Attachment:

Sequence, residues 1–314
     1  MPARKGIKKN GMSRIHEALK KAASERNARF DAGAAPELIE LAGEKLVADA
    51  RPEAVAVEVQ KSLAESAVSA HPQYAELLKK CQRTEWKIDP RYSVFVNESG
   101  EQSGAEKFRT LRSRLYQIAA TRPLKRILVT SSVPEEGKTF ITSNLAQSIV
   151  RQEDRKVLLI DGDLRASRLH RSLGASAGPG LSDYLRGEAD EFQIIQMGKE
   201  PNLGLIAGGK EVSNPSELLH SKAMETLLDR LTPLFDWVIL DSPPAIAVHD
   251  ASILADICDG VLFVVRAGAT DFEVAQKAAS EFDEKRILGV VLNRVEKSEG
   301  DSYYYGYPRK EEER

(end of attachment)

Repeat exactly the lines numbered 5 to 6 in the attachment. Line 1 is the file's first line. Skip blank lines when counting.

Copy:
   151  RQEDRKVLLI DGDLRASRLH RSLGASAGPG LSDYLRGEAD EFQIIQMGKE
   201  PNLGLIAGGK EVSNPSELLH SKAMETLLDR LTPLFDWVIL DSPPAIAVHD